Horror seems to have picked up again in more recent years with comics. My guess is that this was in response to the escalation of zombie and vampire films over the past decade. Perhaps I'm mistaken, but that's my personal interpretation. Crossing over into superhero territory, the dominant genre in comic books, we've seen the release of Marvel Zombies and now DC is following suit with "Blackest Night".
To give you some perspective, I fell out of the mainstream superhero books around the time of Marvel's "Civil War" story arc, which forced heroes to either register with the government or continue their vigilantism illegally and go underground. The politics seemed to get too convoluted and the only alternative superhero titles were basically dumbed-down, Saturday morning cartoon reruns that recycled their stories over and over again. Granted, this might be a little harsh, but it was enough of a turn off for me to lose interest. As far as DC goes, if you haven't been reading along regularly, then you're hopelessly lost. Try picking up a typical superhero title and you won't know where to begin. Which is why it's especially frustrating, if you're like me, when you saw this (below). Two words: undead Batman.
Heck, I wasn't even aware that Batman had died until Adam Withers and his wife Comfort Love, friends and fellow artists, informed me during one of my visits to their homestead. Adam pointedly remarked that there was nary a word about it online, not so much as a Tweet, because comic readers have become numbed to deaths in superhero comics. Rarely does anyone significant remain deceased for long, the grave more or less reduced to a revolving door. At least with the introduction of "Blackest Night", however, it gives some "higher purpose" to the DC stories as to why this is. We still know that it's really about sales, but clarifying this continuity of character resurrections would be nice. Ironically, explaining it with "Blackest Night" is in of itself a sales scheme as well.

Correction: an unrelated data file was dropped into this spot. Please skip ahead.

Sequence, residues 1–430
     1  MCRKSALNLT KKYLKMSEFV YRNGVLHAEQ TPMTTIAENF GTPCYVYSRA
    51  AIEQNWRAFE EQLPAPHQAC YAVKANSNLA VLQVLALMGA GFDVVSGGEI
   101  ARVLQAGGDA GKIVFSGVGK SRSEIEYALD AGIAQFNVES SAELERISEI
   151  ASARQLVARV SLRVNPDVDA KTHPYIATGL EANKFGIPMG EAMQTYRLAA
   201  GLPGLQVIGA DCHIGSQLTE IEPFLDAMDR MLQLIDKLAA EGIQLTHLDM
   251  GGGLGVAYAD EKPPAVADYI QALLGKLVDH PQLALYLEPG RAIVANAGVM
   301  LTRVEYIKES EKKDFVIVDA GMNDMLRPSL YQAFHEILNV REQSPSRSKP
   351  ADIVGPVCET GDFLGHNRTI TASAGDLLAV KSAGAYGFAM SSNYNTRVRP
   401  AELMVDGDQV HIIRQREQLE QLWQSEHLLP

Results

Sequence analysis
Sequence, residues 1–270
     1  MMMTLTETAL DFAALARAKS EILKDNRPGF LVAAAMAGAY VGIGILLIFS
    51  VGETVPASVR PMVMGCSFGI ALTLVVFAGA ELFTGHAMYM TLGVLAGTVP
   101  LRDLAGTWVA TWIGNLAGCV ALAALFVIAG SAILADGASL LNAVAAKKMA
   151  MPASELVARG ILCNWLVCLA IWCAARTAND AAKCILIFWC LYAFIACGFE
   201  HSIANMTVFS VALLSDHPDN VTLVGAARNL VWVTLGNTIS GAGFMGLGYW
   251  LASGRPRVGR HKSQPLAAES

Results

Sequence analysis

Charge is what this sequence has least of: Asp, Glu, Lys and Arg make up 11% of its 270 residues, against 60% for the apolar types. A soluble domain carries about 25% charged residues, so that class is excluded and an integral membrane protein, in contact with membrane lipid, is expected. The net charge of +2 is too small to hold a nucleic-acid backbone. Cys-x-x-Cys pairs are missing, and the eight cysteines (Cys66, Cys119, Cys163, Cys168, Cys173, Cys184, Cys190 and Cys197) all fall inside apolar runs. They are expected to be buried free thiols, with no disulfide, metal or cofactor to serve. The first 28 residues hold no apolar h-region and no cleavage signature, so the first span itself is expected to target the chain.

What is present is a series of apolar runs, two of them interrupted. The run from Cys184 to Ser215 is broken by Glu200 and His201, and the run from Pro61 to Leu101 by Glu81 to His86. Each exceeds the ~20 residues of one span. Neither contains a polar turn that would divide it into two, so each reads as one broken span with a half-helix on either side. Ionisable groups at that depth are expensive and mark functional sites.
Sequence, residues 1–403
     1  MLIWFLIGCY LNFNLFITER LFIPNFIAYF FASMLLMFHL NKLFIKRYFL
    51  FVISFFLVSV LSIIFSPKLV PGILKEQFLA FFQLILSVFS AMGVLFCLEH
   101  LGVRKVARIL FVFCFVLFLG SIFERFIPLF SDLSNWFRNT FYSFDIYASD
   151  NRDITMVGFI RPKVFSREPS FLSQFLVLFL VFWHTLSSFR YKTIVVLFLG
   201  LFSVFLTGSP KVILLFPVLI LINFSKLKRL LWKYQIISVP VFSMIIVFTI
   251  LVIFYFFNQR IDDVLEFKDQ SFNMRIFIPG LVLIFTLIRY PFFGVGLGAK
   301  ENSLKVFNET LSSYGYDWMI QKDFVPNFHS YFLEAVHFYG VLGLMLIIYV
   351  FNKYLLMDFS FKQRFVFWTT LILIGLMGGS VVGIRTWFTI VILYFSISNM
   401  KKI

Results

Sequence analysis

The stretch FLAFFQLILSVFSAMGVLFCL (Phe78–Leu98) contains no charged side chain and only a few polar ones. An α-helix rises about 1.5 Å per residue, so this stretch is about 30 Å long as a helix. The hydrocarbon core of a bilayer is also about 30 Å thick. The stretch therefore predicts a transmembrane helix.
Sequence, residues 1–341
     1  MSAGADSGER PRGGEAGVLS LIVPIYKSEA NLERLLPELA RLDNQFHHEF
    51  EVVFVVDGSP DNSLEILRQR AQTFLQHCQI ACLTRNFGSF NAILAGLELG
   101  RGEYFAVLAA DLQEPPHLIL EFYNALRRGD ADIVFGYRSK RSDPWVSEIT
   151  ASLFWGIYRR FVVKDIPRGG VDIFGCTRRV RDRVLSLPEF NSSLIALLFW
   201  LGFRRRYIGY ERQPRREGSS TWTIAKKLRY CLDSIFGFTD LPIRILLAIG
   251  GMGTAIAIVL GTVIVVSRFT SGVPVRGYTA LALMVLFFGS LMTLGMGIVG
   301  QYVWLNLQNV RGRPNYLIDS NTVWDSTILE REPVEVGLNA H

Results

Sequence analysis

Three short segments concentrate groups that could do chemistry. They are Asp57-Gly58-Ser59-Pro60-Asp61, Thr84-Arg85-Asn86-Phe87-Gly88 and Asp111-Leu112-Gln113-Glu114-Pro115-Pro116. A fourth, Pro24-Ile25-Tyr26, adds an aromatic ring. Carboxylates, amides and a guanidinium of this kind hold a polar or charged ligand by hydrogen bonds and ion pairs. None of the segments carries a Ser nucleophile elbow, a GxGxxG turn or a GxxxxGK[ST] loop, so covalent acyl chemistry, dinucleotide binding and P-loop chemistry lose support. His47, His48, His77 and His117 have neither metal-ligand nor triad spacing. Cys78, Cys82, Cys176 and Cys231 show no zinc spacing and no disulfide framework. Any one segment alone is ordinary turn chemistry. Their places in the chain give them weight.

Picking up an issue of Green Lantern with the "Blackest Night" story arc I found myself, surprise surprise, completely lost. Apparently chaos has been let loose in the DC universe with the addition of six new Lantern Corps, ranging in the chromatic spectrum from primaries to secondaries (red, orange, yellow, and so on, plus indigo), with the Black Lanterns making seven. Though technically speaking, black is the absolute absence from the spectrum. "Blackest Night" also branches out into many of DC's other main titles, such as Superman, Wonder Woman, and the like. So if it wasn't enough to contend with just the Green Lantern series, you have all those to juggle.
Intimidated? The feeling is mutual. While I can't personally guide you through "Blackest Night", I can, however, help give you a foothold. Written by Sean "TheOrange" Corse, his posts "Powet Alphabet: Y is for Yellow Lanterns" and "Powet Alphabet: B is for Blackest Night" provide some essential cliff notes to new and returning readers alike. Also, as silly as it may sound, consult some of the articles on Green Lantern Wiki to expand on particulars mentioned in Corse's posts (ex: William Hand, Nekron, etc.). When "Blackest Night" has settled down I'll ask Adam to elaborate on the story arc, since he's an avid comic book reader and, in particular, a hardcore Green Lantern fan. (The guy wore a Green Lantern shirt under his wedding tux, so that speaks volumes.) Until then, I hope that this proves helpful to those who find themselves in a similar predicament like myself.
- "Man behind the Curtain" Drew
- Well, here's yours truly. The name's Drew, in case you were wondering. The Niche is my personal site, while the comic-in-progress is a partnered effort with Don, a lifelong friend of mine. We collaborate on the stories, but my partner's the writer in the outfit while I am the illustrator. This is currently little more than a side project, but we hope to make something of it.